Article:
Last Modified: Friday, January 25, 2013 6:39 PM
In spite of Louisiana’s unfortunate loss of a congressional seat in Congress, from seven to six representatives, that loss is mitigated somewhat by the seniority of the remaining delegation.
For a small state like Louisiana, seniority is important in Congress, in order to maintain influence and not be swamped by the large populous states. We can thank the Founders for giving us a system of government that helps states, both large and small, retain a measure of independence, sovereignty and power against each other and the federal government
While unity is vital, so is the ability of the people of the individual states to be able to have at least some limited political control over the place where they actually live.
“Even though we’re a small delegation, we’ll continue to punch above our weight,” said Rep. Charles Boustany, R-Lafayette, who represents Southwest Louisiana in Congress.
We currently have five Republicans and one Democrat in the House of Representatives, and one Democrat and one Republican in the Senate. All states have two senators, and the number of representatives is based on the population of the individual states.
“Clearly, losing a member gives us one less seat and one less vote,” Boustany said. “But we’ve accrued significant seniority.”
Boustany will continue to chair the Oversight Subcommittee of the powerful House Ways and Means Committee.
That is a particularly important assignment since Ways and Means controls the money bills, and all revenue bills are constitutionally required to originate in the House of Representatives, which is controlled by Boustany’s party.
In the Senate, Sen. Mary Landrieu, a Democrat, will continue her leadership roles chairing both the Senate Small Business and Entrepreneurship Committee and Appropriations’ Homeland Security Subcommittee. Her party controls the Senate.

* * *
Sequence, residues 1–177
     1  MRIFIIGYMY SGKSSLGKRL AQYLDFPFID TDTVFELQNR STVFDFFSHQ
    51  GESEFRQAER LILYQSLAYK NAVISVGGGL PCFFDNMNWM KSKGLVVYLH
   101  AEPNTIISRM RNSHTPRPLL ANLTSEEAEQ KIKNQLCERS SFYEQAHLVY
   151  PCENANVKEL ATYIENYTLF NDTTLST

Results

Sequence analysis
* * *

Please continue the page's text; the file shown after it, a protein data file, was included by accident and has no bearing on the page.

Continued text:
Sen. David Vitter, a Republican, will also have some power in spite of his party being in the minority. He is now the top GOP member — or “ranking member” — of the Senate Environment and Public Works Committee.
Louisiana’s other representatives in the House also have key committee assignments. Rep. Rodney Alexander, R-Quitman, is the new chairman of the Legislative Branch Subcommittee of the House Appropriations Committee; Rep. Steve Scalise, R-Jefferson, vice chairman on the House Energy and Power Subcommittee; Bill Cassidy, R-Baton Rouge, a member of the House Energy and Commerce Committee and Health Subcommittee; Rep. John Fleming, R-Minden, chairman of the House Subcommittee on Fisheries, Wildlife, Oceans and Insular Affairs; and Rep. Cedric Richmond, D-New Orleans, a member of the House Judiciary Committee.
But to be sure the delegation does what the people of this state want, it is up the people of Louisiana to keep up with the changes proposed in Washington and let their congressional representatives and senators know how they want them to vote on the crucial issues of the day.
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This editorial was written by a member of the American Press Editorial Board. Its content reflects the collaborative opinion of the Board, whose members include Bobby Dower, Ken Stickney, Jim Beam, Crystal Stevenson and Donna Price.